When I came here, I thought I would be spending a relatively quiet and perhaps career-stunting period but I am also no great fan of living in your typical western suburbia.
Dili is now turning into a military town and I presume it is going to be like this for quite some time. I guess there will be a shift in the economy with a few more goods and services directed to the 100s of troops who will be around the place.
For the moment, I believe the troops are operating “dry” but one day, things will be more normal and they will have down-time just like the rest of us.
The international intervention force (or whatever it is called – lets call it IIF) has moved its base to the Dili dock area near the Hotel Timor. The many ITDs (I am told internally displaced persons is the correct term, not refugees) who were at the docks have now been moved out. There is a park area across the road and open space on the seafront to the west, stretching down to the Motael church. It remains to be seen just how many will stay in this area and for how long.
The huge numbers of ITDs that lined the access road to the airport have dissipated but it is assumed that the move of the IIF headquarters away from the airport implied a lower level of security.
There is no doubt that food supply is a problem, even for expats. The expat supermarkets have been closed for nearly a week except for Cool Storage near the ANZ Bank. I believe Lita Store and Leader Supermarket are operating by appointment only.
The ANZ Bank opened on Wednesday.
As far as my own personal safety is concerned, I had a little moment on Saturday but otherwise have remained clear of any problems. It really depends where you live and the vast majority of expats live slightly apart from the local community (ie hotels, guest-houses, long-term serviced accommodation and the like).
As far as I can tell, expats are NOT a target at all. The press have been inserting themselves quite close to action at times and I don’t believe they have encountered any trouble. But I mean if I were a thug and arsonist, I might get a little annoyed if a camera crew got in the way and I might want want to give them a slap.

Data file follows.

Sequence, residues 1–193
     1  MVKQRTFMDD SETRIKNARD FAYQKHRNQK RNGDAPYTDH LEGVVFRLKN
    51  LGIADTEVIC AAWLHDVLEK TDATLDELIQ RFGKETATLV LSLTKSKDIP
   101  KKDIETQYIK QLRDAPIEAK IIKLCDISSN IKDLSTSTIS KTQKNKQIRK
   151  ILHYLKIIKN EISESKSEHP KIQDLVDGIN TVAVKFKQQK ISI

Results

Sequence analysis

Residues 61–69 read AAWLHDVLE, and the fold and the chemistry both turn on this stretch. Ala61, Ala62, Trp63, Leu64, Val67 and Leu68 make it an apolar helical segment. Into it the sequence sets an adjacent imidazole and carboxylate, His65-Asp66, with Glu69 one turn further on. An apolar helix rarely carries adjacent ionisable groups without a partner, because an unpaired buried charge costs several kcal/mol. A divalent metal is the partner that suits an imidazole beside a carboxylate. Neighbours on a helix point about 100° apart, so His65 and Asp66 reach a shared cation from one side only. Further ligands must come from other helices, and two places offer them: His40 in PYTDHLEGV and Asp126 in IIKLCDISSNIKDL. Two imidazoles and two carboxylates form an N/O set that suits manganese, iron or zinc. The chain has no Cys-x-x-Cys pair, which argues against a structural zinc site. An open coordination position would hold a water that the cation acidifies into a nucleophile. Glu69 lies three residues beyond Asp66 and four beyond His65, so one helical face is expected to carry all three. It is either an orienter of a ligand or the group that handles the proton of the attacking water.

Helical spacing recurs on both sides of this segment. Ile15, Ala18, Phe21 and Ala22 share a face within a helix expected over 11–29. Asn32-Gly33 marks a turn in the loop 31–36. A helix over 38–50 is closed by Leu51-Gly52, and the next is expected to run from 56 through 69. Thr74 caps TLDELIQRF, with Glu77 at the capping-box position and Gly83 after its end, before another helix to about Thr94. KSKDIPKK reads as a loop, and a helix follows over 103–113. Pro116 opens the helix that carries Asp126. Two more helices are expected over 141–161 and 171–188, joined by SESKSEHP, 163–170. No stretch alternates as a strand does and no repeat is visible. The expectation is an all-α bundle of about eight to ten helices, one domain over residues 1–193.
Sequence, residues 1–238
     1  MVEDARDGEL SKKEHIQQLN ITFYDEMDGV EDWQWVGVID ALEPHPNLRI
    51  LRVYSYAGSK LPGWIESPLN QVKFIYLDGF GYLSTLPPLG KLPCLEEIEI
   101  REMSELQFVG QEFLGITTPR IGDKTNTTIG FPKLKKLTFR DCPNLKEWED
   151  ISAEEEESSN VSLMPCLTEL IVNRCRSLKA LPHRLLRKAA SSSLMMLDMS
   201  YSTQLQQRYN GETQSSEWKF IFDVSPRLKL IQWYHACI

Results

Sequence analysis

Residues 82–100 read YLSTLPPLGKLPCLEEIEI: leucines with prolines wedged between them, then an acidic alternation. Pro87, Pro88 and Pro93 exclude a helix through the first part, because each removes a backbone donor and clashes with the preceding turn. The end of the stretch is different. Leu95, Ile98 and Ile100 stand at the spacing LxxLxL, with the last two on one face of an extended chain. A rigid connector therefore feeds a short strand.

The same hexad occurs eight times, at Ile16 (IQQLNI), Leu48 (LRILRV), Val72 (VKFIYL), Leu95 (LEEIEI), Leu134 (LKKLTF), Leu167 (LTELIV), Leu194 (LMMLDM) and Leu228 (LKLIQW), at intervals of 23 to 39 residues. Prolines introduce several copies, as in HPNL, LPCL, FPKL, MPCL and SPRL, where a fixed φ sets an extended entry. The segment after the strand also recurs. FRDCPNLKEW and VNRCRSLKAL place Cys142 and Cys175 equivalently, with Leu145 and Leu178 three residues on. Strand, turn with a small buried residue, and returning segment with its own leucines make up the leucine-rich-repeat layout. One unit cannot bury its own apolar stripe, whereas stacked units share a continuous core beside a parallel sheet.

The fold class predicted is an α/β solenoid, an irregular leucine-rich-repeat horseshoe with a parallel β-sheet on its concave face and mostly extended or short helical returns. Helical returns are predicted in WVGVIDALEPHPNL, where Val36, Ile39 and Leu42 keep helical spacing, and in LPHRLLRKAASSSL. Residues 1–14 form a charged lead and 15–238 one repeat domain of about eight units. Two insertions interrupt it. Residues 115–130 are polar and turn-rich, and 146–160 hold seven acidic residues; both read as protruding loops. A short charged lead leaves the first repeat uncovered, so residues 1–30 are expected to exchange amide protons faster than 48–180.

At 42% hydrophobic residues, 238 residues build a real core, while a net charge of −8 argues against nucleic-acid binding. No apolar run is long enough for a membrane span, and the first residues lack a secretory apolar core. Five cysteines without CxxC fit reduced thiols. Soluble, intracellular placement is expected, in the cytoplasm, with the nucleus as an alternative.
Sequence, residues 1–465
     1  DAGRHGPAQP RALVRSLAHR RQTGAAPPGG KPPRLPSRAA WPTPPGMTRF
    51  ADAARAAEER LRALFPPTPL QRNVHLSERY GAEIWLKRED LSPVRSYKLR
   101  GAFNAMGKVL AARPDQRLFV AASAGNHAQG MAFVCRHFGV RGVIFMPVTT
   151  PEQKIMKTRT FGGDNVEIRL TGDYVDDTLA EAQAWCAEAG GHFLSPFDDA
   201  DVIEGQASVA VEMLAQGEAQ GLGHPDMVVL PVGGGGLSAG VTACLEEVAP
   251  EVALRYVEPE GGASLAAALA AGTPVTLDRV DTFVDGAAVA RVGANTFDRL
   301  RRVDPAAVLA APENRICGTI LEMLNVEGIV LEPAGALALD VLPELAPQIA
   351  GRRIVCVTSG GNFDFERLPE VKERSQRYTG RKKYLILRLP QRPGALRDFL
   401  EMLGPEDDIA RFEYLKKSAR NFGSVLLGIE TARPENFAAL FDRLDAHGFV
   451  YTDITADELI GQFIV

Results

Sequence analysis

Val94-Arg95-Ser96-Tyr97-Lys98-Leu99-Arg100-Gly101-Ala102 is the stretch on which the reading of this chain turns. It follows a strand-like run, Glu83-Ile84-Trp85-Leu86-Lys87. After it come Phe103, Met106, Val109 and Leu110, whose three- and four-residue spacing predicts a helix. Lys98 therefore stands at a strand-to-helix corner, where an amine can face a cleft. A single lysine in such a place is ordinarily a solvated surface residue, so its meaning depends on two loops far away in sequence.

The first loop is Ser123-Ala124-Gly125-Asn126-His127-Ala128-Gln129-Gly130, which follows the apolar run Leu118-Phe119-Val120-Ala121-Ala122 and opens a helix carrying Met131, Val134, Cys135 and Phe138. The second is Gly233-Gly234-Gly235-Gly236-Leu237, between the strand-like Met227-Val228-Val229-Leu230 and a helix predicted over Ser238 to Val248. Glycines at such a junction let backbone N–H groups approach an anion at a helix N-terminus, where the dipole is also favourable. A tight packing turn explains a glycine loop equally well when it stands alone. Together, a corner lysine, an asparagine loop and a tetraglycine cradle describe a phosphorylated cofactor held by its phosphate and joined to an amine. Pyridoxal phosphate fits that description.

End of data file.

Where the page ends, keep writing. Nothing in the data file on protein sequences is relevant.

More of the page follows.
A number of expats live amongst the locals and those expats run the risk of collateral damage if a particular area is targetted. Or perhaps, be seen to be taking sides.
Some areas of town have remained untouched. I do not fully understand but I think some areas have very strong local communities and some “vigilante” groups have been strong enough to deter roaming gangs. I was told the Comorro area had such a strong group but it seems that has broken over the last few days.
I have a friend who has operated as per normal, driving between home and work each day without issue apart from one day when he got inquisitive and decided to have a look at Comorro Road. He encountered a small group of machete boys. He stopped, preparing himself to turn around but the lads grinned and waved him through with smiles on their faces. I doubt he will do it again, but I believe that is the current feel out there. Of course, that could all change if there is an incident with any of the troops but I believe they are very well-disciplined.
I have also spoken to an expat who has been here a while and he says he has had no problems at all and is not worried. He has driven past marauding gangs who have waved and smiled at him while they have been torching houses.